Department of Internal Medicine, The University of Texas Southwestern Medical School, Dallas, Texas†
Address requests for reprints to Dr. Norman M. Kaplan, Dept. of Internal Medicine, The University of Texas Southwestern Medical School, 5323 Harry Hines Blvd., Dallas, Texas 75235.*
Submitted for publication August 5, 1966; accepted January 4, 1967.
Presented in part at the 38th Annual Meeting of the Central Society for Clinical Research, November 5, 1965, and the endocrinology sectional meeting of the American Society for Clinical Investigation and the American Federation for Clinical Research, May 1, 1966.
Supported by grants from the Dallas Heart Association and the U. S. Public Health Service, National Institute of Arthritis and Metabolic Diseases (AM 06938-04) and General Medical Sciences (NIH 5T01 GM 1421 01).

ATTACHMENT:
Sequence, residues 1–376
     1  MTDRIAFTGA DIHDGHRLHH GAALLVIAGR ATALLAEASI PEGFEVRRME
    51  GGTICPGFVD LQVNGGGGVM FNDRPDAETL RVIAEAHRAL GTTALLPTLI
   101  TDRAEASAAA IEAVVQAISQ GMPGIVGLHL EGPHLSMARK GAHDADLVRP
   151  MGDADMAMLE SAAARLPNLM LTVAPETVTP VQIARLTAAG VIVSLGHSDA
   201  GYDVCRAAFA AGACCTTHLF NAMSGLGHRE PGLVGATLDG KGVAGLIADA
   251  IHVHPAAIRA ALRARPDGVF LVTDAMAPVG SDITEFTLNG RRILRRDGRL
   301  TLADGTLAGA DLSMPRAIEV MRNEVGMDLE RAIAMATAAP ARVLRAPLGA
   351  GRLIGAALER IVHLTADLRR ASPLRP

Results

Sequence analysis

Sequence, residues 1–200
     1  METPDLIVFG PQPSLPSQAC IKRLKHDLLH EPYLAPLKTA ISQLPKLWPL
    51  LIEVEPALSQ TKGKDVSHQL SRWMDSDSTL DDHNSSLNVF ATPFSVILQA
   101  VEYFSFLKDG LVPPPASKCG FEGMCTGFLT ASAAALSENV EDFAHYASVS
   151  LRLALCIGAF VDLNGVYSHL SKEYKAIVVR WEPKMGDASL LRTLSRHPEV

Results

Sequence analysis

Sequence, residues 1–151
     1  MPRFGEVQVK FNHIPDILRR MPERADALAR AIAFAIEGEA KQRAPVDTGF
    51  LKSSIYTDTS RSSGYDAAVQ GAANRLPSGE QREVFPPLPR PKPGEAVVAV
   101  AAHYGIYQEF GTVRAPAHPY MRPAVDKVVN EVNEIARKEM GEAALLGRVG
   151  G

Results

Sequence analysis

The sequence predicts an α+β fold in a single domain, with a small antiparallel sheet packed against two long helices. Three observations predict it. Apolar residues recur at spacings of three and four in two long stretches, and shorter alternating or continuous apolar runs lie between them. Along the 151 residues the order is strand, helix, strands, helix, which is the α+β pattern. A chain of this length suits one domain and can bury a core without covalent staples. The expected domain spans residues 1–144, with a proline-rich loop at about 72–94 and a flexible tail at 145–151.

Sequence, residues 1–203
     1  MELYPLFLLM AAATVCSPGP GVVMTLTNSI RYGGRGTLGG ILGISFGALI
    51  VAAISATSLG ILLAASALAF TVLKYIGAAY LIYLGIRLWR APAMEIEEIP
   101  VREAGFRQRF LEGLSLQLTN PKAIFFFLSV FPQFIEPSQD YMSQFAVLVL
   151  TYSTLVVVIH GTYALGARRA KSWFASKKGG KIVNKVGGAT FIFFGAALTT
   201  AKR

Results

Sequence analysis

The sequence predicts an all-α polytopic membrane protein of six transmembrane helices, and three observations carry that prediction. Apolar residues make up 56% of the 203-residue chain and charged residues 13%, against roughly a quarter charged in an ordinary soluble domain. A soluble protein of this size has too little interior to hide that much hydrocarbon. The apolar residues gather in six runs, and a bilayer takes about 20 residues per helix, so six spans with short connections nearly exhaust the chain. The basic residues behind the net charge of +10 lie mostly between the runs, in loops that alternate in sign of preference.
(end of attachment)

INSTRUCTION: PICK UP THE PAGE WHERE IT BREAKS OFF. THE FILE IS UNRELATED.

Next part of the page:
Published May 1, 1967 - More info
The content of aldosterone, corticosterone, and cortisol has been assayed in normal adrenal tissue obtained at autopsy and in adrenal adenomas from both normotensive and hypertensive patients obtained at autopsy and from patients with primary aldosteronism obtained at surgery. The content of aldosterone and corticosterone in the adenomas of patients with essential hypertension was similar to that of normal adrenal tissue and much less than that of adenomas from patients with primary aldosteronism.
Since these results do not appear to reflect various extraneous factors such as assay technique, degradation of steroids, and patient selection, they suggest that most adrenal adenomas found in patients with essential hypertension are not associated with increased aldosterone production. The presence of such adenomas should not, in itself, be considered evidence for primary aldosteronism.
The excretion or secretion of aldosterone in 43 hypertensive patients was found to be similar to that of 39 normotensive patients. These results suggest that primary aldosteronism is rarely the cause of “essential” hypertension.